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Seversky P-35's

unexpected metamorphosis

by Luc Fournier

5: Ultimate development.

Despite his success, Alexandre de Seversky was forced to resign as the shareholders of his firm criticised his deplorable management. Furthermore, the American government was adamant about his decision to sell a two-seater version of the P-35 to the USSR, and above all, to Japan, two countries which were in the State Department "black list". In 1939 Ralph S. Damon was appointed as general manager of the firm, which became the  Republic Aircraft Corporation.

During that time period, the tension between Nazi Germany, with France and Great Britain was increasing from day to day. Perceiving themselves as future enemies with Germany, France, England, and those worrying about their neutrality, were all potential clients for the US weapon industries. As the situation became urgent, the new fighters were still at the prototype stages, and among them was a new P-35 fitted with a turbo-charged radial engine, registered as XP-41 by the US Air Corps.  Kartveli tried to update his old 1936 model from the experience gained with the racers, and so was born the EP 1 (Export Pursuit 1 seat) having a slightly lengthened fuselage, and powered with a new 1050 HP radial engine, giving the plane a maximum speed of 500 km/h. The armament was strengthened from two to four machine guns. Presented by Republic's test pilot Franck Sinclair in many Capitals of Europe, and South America, the EP 1 was totally unsuccessful and no orders followed. The only country showing interest for the airplane was Sweden, which placed an important order of 120 machines. As half of these were being delivered, the American Government in October of 1939 put the second half of the Swedish order under on hold, and the Air Corps recovered 60 airplanes, registered as P-35 As, not really knowing what to do with them.

Finally, 12 ex Swedish fighters were sold to Ecuador and the other 48 were shipped to the Philippines Islands, where they contributed to modernise their Air Force. No one has ever registered the pilots' opinion or reports, about those airplanes which used the metric system for their flight instruments, and had their flight manuals written in Swedish! Anyhow, on December 8, 1941, the 48 P-35 As were engaged against the Japanese invasion, shooting down a few dive bombers, and trying to escape swarms of Mitsubishi  Zeros, having neither their agility, nor firepower...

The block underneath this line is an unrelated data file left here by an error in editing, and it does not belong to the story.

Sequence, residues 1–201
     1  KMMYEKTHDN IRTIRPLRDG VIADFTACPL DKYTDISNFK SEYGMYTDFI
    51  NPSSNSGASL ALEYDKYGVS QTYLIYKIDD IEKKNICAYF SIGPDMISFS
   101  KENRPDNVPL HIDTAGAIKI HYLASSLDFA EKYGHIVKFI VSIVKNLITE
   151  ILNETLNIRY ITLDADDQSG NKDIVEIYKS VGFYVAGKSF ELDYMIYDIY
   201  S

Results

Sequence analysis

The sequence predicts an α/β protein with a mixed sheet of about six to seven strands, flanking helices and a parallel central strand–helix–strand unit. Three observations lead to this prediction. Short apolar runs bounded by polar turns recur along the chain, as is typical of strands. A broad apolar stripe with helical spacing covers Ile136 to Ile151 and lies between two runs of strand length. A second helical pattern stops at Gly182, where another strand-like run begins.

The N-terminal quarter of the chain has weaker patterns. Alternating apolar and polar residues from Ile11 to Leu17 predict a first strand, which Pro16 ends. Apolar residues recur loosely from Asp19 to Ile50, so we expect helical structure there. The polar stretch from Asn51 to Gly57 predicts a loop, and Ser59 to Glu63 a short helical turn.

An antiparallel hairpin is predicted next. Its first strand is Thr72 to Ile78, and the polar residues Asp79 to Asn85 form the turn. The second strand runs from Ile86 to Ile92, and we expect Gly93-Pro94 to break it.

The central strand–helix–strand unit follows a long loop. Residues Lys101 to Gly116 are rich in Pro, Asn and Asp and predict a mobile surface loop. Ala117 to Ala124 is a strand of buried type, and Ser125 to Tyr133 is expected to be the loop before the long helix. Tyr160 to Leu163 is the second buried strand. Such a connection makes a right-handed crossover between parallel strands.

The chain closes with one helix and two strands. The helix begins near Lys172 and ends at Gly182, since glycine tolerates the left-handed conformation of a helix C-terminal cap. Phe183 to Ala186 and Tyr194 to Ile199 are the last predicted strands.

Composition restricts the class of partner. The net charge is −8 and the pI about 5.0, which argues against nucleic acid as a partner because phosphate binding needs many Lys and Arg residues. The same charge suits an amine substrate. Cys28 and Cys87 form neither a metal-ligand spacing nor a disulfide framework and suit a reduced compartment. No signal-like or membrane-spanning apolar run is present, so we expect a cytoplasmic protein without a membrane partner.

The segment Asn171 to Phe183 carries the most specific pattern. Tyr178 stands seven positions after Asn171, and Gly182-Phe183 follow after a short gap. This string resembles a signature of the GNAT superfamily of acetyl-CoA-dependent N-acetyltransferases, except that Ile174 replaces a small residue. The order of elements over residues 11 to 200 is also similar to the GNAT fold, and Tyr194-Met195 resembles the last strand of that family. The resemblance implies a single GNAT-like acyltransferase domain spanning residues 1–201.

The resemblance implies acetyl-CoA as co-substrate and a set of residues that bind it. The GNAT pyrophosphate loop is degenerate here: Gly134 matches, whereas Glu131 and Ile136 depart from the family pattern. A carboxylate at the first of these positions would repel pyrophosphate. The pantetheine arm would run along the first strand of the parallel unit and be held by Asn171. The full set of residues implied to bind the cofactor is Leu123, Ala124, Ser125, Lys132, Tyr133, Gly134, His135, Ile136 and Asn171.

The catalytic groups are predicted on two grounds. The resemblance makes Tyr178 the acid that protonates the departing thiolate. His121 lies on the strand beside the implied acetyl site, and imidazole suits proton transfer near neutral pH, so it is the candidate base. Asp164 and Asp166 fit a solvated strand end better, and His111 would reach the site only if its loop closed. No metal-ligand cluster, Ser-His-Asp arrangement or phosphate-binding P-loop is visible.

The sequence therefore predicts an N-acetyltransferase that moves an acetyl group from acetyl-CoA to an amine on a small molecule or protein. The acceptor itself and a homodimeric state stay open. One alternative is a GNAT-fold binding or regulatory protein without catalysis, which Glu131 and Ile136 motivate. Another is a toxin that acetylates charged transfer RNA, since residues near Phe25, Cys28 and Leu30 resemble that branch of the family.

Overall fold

This act of heroism concludes the story of the P-35. This tiny fighter, with its funny lines, was nothing more than a warbird for movie, news, and propaganda films. However, its surprising career did not totally end on December 1941. In 1944, the P-47 Thunderbolt  which escorted B-17 bombers over Germany, and the Reggiane 2005 which, according to some historians, defended the Berlin airspace, were descendants from the little airplane which landed at Wright Field on august 15, 1935. But, as one says, this is another story!

© Aerostories 2000.

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The 2PA " Convoy ", a two- seats fighter derivating from P 35 which was sold to the USSR and Japan. It was the main reason for Major de Seversky's withdrawal from his position of general manager.

The 60 P 35 A delivered to Sweden contributed to keep the neutrality of this country all along WW II. The last planes in service were converted into reco- planes before their withdrawal in 1951.
"Air Enthousiast" Document

Lieutenant Boyd Wagner's P 35 A at Nichols Field (Philippines), base of the 17th squadron. This snap- shot was taken during summer of 1941. A few weeks later, the aircraft got a green " olive drab " camouflage.

Many thanks to Françoise and Jean-Philippe who helped me in this translation.